Columbus’ former mayor has filed a complaint with the state’s public access counselor saying the city failed to provide her with personnel file documents of two Columbus police officers who voluntarily changed their employment status in lieu of possible disciplinary action.
The complaint was filed by Kristen Brown, Columbus, on Feb. 21 and is still under review by the state office, said Public Access Counselor Luke Britt. Britt said on Tuesday he is obtaining a response from the city and cannot comment on the complaint.
It could be several weeks before the complaint is resolved, Britt said.
The complaint stems from an investigation in January into two Columbus police officers accused of working a secondary job as Columbus Regional Hospital security during their regular shifts.
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Hospital officials confirmed that officers Dan Meister and Ron May, who were the subject of an internal CPD investigation, were dismissed from their independent contractor jobs as CRH hospital security on Nov. 30, one day after CPD completed its internal investigation.
The case is being investigated by the Indiana State Police, and detectives there have said the investigation is far from over, said Sgt. Stephen Wheeles, Indiana State Police spokesman. Wheeles said detectives are continuing to conduct interviews and going through tons of documents in the case.
Meister, who was previously a CPD lieutenant, elected to take a patrol officer position and was reassigned to non-law enforcement duties within the department as of Nov. 29, according to Lt. Matt Harris, Columbus Police Department spokesman. May announced he would retire Nov. 29, and due to accumulated vacation and severance, is not working for the department now pending his retirement in May, the department said.
Brown’s complaint is in regard to seeking information about the police department allowing the two officers to make those moves in lieu of disciplinary action, according to her complaint.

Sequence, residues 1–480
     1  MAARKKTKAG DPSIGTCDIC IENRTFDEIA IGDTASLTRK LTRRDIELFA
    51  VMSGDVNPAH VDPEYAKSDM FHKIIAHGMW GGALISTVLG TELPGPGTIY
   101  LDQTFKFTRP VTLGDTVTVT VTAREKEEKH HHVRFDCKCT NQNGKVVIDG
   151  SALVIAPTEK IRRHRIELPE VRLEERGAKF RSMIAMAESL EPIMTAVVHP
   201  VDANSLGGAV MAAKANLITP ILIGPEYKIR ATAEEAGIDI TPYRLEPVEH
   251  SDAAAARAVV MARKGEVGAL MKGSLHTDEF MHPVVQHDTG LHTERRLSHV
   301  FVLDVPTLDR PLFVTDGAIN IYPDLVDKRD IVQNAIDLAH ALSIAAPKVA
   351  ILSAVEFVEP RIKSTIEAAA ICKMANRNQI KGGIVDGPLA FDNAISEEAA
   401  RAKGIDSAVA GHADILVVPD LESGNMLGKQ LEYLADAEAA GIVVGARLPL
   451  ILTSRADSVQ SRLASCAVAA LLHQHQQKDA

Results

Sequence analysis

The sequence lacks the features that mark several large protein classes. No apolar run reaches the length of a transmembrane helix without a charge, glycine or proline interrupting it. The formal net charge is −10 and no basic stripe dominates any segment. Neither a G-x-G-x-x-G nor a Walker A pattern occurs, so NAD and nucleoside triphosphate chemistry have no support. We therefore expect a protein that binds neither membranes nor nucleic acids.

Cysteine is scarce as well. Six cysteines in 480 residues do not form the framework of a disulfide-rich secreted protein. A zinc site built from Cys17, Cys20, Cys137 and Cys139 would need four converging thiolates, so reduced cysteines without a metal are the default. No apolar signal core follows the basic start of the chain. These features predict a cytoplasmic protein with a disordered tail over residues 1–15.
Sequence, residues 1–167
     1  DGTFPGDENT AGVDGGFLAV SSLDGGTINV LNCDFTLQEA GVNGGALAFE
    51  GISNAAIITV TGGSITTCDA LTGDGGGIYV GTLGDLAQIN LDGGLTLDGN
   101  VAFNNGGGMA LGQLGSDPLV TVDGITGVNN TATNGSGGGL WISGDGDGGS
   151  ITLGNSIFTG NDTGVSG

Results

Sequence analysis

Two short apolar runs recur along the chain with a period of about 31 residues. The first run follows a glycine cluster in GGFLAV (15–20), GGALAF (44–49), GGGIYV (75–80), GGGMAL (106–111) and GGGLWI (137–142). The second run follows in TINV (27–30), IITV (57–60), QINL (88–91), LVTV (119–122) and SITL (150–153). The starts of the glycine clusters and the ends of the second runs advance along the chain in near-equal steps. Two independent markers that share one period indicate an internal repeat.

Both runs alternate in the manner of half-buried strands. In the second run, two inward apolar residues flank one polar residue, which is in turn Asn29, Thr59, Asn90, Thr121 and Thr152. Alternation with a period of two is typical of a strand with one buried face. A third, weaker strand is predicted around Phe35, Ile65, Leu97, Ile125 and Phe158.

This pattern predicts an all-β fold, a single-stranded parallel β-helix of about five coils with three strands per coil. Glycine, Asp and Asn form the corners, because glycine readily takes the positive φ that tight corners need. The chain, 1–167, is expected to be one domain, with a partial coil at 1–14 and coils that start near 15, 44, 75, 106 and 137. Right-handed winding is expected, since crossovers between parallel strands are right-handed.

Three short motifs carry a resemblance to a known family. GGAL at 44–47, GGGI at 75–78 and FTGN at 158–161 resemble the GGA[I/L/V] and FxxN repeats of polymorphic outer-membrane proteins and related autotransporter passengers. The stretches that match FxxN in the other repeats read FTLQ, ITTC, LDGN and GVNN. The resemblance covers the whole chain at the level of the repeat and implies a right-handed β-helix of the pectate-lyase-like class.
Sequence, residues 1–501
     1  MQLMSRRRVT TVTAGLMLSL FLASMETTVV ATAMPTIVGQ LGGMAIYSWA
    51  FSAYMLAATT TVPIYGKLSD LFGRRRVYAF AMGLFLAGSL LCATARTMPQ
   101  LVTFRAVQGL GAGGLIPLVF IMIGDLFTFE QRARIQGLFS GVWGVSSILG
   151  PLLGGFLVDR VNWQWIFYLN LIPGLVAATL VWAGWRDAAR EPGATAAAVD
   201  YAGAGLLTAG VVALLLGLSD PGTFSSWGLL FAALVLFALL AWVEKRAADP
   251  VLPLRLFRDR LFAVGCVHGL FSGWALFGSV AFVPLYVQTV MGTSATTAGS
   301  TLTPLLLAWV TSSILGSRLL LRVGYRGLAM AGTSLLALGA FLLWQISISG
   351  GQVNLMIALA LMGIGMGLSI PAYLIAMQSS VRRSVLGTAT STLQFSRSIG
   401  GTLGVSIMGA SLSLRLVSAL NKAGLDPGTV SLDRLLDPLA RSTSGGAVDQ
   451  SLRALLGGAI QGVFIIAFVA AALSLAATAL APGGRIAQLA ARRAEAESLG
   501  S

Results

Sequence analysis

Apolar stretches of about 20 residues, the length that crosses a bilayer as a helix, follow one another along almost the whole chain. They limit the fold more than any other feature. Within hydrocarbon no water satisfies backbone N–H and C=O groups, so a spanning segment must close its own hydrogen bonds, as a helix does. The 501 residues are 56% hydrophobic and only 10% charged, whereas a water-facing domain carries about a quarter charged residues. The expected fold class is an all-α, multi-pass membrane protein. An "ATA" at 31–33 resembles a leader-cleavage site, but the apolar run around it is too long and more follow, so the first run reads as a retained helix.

Brown alleges that the letters she received from the personnel files of the officers which state the officers accepted the actions “in lieu of disciplinary action as a result of internal investigation,” failed to include the factual basis for a disciplinary action.
The complaint states that the city should have included the “factual basis for a disciplinary action in which final action has been taken and that resulted in the employee being suspended, demoted or discharged.”
“The chief (referring to Columbus Police Chief Jon Rohde) cannot avoid the state’s Access to Public Records Act by claiming the discharge and demotion are voluntary — they are not,” Brown alleged in her complaint. “His letters to both officers document there was a quid pro quo. Discharge (retirement) and demotion are the final actions resulting from an internal investigation of ghost employment ‘in lieu of disciplinary action.’ Just because the officers accepted the discharge and demotion at the end of the investigation does not obviate the need for a factual basis under the Access to Public Records Act,” Brown wrote in the complaint.
City attorney Alan Whitted and Rohde said Tuesday they had not seen the complaint.
Whitted and Rohde said they responded to Brown’s request for documents with all the information in the personnel files that pertained to her request. There was no written agreement between the city and the officers detailing the disposition for the two officers, they said.
The city gave Brown copies of short letters from May which detailed his plans to start his retirement and from Meister which said he was giving up his position as lieutenant to become a patrol officer. She also received copies of letters from Rohde granting the officers’ requests in lieu of disciplinary action.
In the response to Brown, Whitted wrote the police department declined to provide a copy of the internal investigation regarding the two officers pursuant to Indiana’s Open Records Law as the records are investigatory and are not subject to disclosure under state law.